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North Kintyre and Tarbert

North Kintyre and Tarbert (Landranger...

Discovering Arran

Area Books


Tarbert Harbour

 

Kintyre Coastline

 

 

 

 

 


Arran

 

 



Brodick Bay

Brodick Castle

 

 

 

 

 

 

 


Campbelltown

Carradale


Clan MacAlister

Glenbarr Abbey

 

 

 

 

 

 

Sound of Gigha

 

 

 

 

 

St Molaise

Kilmory Church

Loch Ranza Castle

Machrie Moor

Machrihanish

 

 


Rothesay Castle

 

Skipness Castle


Tour Tarbert

Fishing port and resort town on isthmus connecting Kintyre to mainland. Overlooked by 14th-century ruined stronghold of Robert Bruce. Tarbert's main tourist attraction is An Tairbeart Heritage Centre on the Campbeltown Road.
Tarbert Arts Centre

Kintyre is a narrow peninsula in the far West of Scotland, which extends a distance of approximately 30 miles, from Tarbert in the North to the Mull of Kintyre in the South. Along the middle or spine of Kintyre, runs a line of hills which rise to a maximum height of approximately 2000 feet. Along the West coast runs a narrow fertile strip of land which is exposed to the frequent Atlantic gales. The Eastern coast is more fertile, being protected as it is by the line of hills. Prior to modern roads being constructed, Kintyre remained relatively isolated from the rest of Scotland, access being gained from the sea.

The isles of Arran and Bute and the peninsula of Kintyre have long been playgrounds for the Scots, particularly the Glaswegians ( residents of the City of Glasgow ). The topography of each island resembles that of a miniature Scotland -- a mountainous north and rolling, pastoral south. Outdoor pursuits include walking, fishing, golf and sailing, while indoor entertainment can be found in Brodick, Campbeltown and Rothesay.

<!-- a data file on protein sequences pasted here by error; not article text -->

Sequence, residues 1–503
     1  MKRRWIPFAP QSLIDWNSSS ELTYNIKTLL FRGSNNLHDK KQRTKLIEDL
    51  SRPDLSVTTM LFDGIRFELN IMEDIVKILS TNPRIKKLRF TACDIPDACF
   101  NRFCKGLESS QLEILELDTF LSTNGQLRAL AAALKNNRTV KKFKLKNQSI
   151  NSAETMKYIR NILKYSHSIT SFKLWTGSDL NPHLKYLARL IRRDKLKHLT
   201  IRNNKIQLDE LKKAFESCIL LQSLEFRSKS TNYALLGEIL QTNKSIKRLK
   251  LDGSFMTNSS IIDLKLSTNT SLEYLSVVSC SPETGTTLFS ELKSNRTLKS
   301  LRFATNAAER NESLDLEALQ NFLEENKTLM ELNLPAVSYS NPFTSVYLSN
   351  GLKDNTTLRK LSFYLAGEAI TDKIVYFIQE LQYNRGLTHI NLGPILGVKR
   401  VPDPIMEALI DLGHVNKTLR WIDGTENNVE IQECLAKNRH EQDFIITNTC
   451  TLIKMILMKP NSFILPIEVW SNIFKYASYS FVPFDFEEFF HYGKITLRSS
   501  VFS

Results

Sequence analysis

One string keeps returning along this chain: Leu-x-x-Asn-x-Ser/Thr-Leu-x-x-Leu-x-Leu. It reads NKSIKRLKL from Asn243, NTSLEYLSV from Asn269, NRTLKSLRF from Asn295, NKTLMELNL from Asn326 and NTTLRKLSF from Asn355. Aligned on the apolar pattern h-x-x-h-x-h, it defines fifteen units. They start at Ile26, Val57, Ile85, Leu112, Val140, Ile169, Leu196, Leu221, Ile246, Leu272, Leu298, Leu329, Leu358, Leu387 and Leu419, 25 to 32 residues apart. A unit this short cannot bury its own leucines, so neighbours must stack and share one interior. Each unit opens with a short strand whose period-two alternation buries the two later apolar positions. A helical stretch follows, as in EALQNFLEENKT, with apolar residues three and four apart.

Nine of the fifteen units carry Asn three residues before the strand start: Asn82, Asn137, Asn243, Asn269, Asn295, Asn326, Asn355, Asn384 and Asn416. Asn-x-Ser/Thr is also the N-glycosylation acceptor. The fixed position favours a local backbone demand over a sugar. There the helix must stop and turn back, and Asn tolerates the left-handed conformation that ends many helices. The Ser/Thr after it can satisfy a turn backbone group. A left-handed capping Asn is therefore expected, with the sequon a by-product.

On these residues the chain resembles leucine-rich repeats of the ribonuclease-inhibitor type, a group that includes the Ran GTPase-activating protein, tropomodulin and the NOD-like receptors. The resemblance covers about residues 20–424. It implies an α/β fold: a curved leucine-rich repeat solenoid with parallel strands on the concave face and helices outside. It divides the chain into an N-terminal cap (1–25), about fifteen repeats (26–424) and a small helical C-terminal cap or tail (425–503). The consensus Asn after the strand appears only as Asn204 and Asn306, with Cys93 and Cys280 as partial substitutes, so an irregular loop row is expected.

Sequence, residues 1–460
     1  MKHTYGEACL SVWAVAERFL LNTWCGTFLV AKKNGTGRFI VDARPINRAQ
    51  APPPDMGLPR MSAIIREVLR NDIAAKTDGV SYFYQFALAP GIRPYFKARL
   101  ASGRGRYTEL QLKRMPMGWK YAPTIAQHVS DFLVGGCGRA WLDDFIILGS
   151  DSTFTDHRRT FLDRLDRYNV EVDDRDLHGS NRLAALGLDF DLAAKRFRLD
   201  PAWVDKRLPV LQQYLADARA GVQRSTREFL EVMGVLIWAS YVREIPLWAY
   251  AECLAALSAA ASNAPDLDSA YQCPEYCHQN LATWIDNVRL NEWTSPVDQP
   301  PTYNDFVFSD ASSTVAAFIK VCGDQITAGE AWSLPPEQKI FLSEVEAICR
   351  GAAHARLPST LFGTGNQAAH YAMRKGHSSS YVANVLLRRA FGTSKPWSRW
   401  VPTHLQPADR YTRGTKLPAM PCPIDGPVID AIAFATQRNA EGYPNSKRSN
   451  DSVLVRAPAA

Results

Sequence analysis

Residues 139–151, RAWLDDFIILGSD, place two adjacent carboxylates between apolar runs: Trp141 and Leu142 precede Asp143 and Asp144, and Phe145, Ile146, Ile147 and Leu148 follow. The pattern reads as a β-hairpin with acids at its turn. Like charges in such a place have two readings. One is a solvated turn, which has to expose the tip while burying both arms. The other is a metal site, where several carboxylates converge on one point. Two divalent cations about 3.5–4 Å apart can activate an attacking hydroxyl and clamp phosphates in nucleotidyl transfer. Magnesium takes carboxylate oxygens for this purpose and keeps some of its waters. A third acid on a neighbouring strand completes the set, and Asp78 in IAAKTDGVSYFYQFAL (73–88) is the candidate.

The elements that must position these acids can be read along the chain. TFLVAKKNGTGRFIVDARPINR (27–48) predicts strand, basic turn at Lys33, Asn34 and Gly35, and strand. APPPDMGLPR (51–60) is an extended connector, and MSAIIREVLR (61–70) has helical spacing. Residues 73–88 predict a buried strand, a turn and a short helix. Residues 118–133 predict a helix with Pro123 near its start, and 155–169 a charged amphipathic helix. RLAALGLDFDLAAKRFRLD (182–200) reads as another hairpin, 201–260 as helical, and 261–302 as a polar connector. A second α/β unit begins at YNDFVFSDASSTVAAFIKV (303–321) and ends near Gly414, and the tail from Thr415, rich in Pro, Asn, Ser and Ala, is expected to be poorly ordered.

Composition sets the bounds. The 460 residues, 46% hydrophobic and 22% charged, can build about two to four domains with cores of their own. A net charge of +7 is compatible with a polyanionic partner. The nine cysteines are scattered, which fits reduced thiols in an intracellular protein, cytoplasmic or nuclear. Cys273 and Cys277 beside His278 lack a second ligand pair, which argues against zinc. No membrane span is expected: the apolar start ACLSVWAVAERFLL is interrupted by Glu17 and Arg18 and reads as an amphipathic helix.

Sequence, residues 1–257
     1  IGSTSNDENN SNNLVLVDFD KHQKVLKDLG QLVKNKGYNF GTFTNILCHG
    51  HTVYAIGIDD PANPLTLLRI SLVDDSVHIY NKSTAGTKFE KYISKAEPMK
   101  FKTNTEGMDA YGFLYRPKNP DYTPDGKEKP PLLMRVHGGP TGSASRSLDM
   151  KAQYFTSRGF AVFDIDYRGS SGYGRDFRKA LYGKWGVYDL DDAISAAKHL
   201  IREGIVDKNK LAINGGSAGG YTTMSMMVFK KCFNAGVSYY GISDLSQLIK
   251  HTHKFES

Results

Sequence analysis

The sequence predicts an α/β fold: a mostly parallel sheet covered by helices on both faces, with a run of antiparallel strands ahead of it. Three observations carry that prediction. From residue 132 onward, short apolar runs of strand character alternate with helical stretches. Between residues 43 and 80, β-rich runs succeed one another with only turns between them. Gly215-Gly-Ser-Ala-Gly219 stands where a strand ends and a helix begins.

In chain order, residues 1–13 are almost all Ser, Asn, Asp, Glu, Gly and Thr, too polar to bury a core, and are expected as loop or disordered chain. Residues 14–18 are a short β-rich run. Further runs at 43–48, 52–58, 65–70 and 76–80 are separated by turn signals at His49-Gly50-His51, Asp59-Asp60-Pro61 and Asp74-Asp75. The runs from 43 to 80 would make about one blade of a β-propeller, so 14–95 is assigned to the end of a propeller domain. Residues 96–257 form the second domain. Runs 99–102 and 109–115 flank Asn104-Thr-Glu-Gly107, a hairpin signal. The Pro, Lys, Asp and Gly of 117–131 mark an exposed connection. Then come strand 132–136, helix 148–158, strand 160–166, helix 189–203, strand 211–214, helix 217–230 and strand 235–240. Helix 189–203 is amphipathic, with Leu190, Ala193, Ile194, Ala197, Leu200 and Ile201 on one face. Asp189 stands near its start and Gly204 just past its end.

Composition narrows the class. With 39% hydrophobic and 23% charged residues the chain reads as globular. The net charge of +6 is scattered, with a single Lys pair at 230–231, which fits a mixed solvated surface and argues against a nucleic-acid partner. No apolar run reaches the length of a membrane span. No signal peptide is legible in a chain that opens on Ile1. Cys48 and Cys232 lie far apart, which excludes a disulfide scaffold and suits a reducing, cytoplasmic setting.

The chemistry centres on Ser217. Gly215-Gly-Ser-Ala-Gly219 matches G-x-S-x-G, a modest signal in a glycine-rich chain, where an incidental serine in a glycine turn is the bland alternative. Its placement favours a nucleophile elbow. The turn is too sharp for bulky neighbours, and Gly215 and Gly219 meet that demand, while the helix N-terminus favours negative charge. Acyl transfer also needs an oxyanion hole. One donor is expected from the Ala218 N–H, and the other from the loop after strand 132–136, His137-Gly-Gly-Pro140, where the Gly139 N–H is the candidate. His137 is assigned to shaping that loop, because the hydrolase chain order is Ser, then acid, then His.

Arran
Favourite island retreat of Glaswegians ( residents of Glasgow ), once popular with Scottish monarchs. Fine mountain scenery in north contrasts with lowlands of south. Robert Bruce landed at Lochranza from Ireland in 1306.

Arran Heritage Museum
Brodick croft farm contains a museum of Arran history, geology and archaeology. Authentic rooms exhibit spinning wheels, wooden cradle and other domestic items. Geology section includes amethysts found on local beaches. Picnic area/tearoom.
Heritage Museum Web Site

Brodick
Arran's main port set by sandy Brodick Bay. Goat Fell, at 2866ft, dominates mountain trail. Views of bay and surrounding peaks from String Road, to west.
Brodick Golf Club

Brodick Castle and Country Park
The site of this ancient seat of the Dukes of Hamilton was a fortress even in Viking times. The 13th-century fortified tower was developed in the 16th century and extended by Cromwell in the 17th century. The foundation stone for the main Victorian extension was laid in 1844 by Princess Marie of Baden, wife of the 11th Duke of Hamiltion. Her granddaughter, Lady Mary Louise, 6th Duchess of Montrose, lived in the castle until 1957. Some furniture dates from the 17th century, with superb paintings, porcelain and silver collected by the Hamiltons and by William Beckford, whose daughter was married to the 10th Duke of Hamilton. There is also a collection of sporting pictures and trophies. The woodland garden, begun in 1923 by the Duchess, is now home to an acclaimed rhododendron collection.

Bute
Rolling hills in north descend to quiet sandy beaches. Island separated from mainland by narrow waterway called Kyles of Bute. Popular with Clydesiders.
Museums of Argyll and Bute

Campbeltown
Former Celtic capital of Dalriada kingdom, now sailing centre. Stone buildings mark past prosperity from whaling, fishing, coal and distilling. Town centre has richly carved Celtic cross.
Campbeltown Museum

Carradale
Village situated on hill above small harbour. Remains of Aird Castle and 1500 BC fort lie nearby. Walks through 16,000 acre estate have splendid views of Arran and 2366ft Bein Bharrain.

Carradale House Gardens
Forested hills surround 1870 home of novelist and children's writer, Naomi Mitchison. It has a wild garden with pond.

Clan Macalister Centre
Glenbarr Abbey, Gothic-style home of the Macalister chieftain, dates from 1700. Museum includes historic weapons, photographs etc;
The Clan Alasdair had four separate branches: the MacAlasdairs of Loup (the chief's family), of Tarbert, and of Glenbarr, and the Alexanders of Menstrie, who changed their name when they migrated to the Lowlands. The Tarbert family lost its lands in 1746, and although members of that family still reside in the area, the Tarberts as a viable branch of the clan ceased to exist at that time. The Loup family acquired substantial lands elsewhere, sold its Kintyre lands in 1795 to pay off debts, and settled first in Ayrshire and later in England, where the current chief, William McAlester, lives. Of the four branches, only the Glenbarr family still holds its ancestral lands in Kintyre; they reside at Glenbarr Abbey, where they operate the Macalister Clan Centre and welcome MacAlasdairs from all over the world.